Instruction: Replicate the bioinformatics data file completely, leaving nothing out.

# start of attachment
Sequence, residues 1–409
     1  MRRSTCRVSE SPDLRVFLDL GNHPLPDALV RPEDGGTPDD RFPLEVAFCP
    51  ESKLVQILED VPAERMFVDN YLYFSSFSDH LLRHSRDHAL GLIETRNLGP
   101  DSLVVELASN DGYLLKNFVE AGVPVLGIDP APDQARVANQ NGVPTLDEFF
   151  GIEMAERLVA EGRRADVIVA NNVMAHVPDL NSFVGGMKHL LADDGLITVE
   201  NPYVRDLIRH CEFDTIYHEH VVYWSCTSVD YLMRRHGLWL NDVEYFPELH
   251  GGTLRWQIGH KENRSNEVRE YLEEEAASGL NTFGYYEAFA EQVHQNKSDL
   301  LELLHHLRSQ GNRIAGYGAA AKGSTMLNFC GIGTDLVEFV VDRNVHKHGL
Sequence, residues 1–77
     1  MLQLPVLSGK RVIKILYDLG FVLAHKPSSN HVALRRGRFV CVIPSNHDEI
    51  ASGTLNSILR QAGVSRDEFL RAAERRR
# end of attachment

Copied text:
Sequence, residues 1–409
     1  MRRSTCRVSE SPDLRVFLDL GNHPLPDALV RPEDGGTPDD RFPLEVAFCP
    51  ESKLVQILED VPAERMFVDN YLYFSSFSDH LLRHSRDHAL GLIETRNLGP
   101  DSLVVELASN DGYLLKNFVE AGVPVLGIDP APDQARVANQ NGVPTLDEFF
   151  GIEMAERLVA EGRRADVIVA NNVMAHVPDL NSFVGGMKHL LADDGLITVE
   201  NPYVRDLIRH CEFDTIYHEH VVYWSCTSVD YLMRRHGLWL NDVEYFPELH
   251  GGTLRWQIGH KENRSNEVRE YLEEEAASGL NTFGYYEAFA EQVHQNKSDL
   301  LELLHHLRSQ GNRIAGYGAA AKGSTMLNFC GIGTDLVEFV VDRNVHKHGL
Sequence, residues 1–77
     1  MLQLPVLSGK RVIKILYDLG FVLAHKPSSN HVALRRGRFV CVIPSNHDEI
    51  ASGTLNSILR QAGVSRDEFL RAAERRR